Interestingly enough, Baptist historians have also considered Joseph Willis as black---plain and simple. Case in point, today I was at the Clayton Library in Houston and came across a book entitled "A Dictionary of Louisiana Biography Vol. II" c1988 by the Louisiana Historical Association and on page 853 it lists Joseph Willis as a free black, etc. etc. It's source was the Negro Slavery in Louisiana: A History by Joe Taylor. I have also come across a history of black ministers on the Internet and it talks about Joseph being a famous black minister. As you say he is listed as mulatto or as the census states a free colored person. Either way, he was of mixed race. I think that can be agreed upon.
But I was going to contact you today anyway because as I was leaving I came across a typed-written pamphlet "published" in 1955 by Webster Talma Crawford entitled (and this is long) "Redbones in The Neutral Strip or No Man's Land Between the Calcasieu and Sabine Rivers in Louisiana and Texas Repectively and The Westport Fight Between Whites and Redbones For Possession of This Strip on Christmas Eve, 1881."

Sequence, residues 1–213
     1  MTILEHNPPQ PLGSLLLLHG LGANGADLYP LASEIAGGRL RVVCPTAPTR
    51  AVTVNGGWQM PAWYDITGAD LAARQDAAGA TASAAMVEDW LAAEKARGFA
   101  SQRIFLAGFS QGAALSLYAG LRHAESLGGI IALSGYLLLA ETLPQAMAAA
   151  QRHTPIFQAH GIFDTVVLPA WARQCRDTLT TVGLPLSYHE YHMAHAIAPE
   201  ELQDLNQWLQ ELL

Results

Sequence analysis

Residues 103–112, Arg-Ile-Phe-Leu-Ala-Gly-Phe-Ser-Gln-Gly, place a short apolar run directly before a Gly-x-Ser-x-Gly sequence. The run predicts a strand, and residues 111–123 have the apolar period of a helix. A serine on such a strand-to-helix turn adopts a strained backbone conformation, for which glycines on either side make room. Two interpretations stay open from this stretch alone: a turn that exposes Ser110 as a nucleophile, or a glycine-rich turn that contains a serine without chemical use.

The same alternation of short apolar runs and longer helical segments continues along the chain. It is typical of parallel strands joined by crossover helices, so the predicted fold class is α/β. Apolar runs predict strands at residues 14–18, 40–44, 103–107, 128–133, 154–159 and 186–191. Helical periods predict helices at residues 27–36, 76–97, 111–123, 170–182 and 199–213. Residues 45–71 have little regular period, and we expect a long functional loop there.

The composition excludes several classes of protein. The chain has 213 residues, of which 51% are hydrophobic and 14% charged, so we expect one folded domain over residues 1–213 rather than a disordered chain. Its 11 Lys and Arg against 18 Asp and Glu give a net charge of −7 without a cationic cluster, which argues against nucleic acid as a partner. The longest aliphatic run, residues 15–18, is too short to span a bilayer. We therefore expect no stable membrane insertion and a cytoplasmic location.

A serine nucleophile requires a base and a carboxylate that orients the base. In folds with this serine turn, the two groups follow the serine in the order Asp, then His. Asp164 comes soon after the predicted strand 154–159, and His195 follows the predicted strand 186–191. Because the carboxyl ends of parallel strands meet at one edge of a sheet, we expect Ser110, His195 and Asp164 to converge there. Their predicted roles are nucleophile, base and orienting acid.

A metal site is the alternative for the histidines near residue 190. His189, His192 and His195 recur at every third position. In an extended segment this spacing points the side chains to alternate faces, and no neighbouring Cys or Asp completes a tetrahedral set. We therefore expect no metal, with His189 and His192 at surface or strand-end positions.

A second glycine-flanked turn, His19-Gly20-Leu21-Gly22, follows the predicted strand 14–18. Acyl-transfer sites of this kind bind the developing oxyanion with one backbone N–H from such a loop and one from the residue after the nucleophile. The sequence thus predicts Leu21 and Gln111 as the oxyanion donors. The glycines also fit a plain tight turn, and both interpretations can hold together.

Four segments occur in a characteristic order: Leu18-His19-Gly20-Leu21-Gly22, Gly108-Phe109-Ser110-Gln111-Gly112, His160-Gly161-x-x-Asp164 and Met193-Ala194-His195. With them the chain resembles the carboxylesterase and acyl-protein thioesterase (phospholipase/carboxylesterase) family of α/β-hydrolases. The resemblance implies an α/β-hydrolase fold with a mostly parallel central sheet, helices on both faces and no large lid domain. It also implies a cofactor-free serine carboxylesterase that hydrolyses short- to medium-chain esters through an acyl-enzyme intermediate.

I photocopied the part about the Westport Fight because it mentioned an ancestor of mine. It was written by an oral history by a man named Frank Taylor who supposedly knew the Redbones and had seen parts of this fight.
But as to your email, I agree that it is and was a racial slur. No doubt. However, I also believe that it referred to a mixed-race of families that intermarried and lived within a close proximity of one another. People not considered part of this group of people were outsiders. As to the theory of the race being Phonecian, Moors, Mediterranean, Porteguese, etc. Who knows? Who cares? Who could possibly begin to prove it any way or the other.
Within my own family history, there have always been stories of Indian blood. I, for one, do believe that Joseph Willis was part Indian and part white. I believe that the will of his father Agerton proves that his son was born of a slave mother making him ineligible to inherit his father's land. Most researchers believe he was part Indian. Maybe he was part black. I don't care. I find it all very interesting. He was also supposedly a veteran of the American Revolution but no paper proves that either. Just family stories passed down. I want to believe that he was.
Good luck in finding further proof or whatever it is you're looking for. By the way, as I mentioned before, I came across a website about Redbones that said that it was once a slur, but is now considered a people proud of their heritage and considered a recognized Indian tribe in Louisiana. The "society" might have more information
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